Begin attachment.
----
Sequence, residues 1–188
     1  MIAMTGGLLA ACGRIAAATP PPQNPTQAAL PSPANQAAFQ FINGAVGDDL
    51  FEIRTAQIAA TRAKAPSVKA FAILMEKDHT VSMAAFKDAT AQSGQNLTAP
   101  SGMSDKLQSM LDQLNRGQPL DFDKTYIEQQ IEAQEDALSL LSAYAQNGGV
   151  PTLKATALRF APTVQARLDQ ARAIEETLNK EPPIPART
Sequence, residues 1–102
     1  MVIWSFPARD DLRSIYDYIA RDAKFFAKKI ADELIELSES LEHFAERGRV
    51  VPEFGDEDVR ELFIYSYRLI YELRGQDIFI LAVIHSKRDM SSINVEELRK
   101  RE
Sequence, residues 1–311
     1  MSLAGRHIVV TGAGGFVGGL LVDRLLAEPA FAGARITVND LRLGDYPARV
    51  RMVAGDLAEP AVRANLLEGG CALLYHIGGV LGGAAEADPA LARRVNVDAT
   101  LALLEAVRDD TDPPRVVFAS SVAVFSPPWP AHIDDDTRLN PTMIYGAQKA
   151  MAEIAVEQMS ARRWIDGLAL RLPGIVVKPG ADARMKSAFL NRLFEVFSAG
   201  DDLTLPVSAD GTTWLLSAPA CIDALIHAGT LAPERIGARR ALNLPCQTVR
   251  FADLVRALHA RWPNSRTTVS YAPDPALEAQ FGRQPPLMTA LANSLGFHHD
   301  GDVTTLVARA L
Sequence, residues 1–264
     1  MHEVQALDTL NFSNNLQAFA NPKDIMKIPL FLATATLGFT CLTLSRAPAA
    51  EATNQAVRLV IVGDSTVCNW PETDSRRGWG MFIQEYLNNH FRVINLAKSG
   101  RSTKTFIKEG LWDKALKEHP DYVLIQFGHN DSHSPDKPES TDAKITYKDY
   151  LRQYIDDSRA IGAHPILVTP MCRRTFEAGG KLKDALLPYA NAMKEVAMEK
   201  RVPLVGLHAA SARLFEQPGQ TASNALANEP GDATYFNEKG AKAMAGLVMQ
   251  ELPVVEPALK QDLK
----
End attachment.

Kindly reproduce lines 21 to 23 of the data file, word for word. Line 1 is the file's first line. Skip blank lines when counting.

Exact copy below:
   101  RSTKTFIKEG LWDKALKEHP DYVLIQFGHN DSHSPDKPES TDAKITYKDY
   151  LRQYIDDSRA IGAHPILVTP MCRRTFEAGG KLKDALLPYA NAMKEVAMEK
   201  RVPLVGLHAA SARLFEQPGQ TASNALANEP GDATYFNEKG AKAMAGLVMQ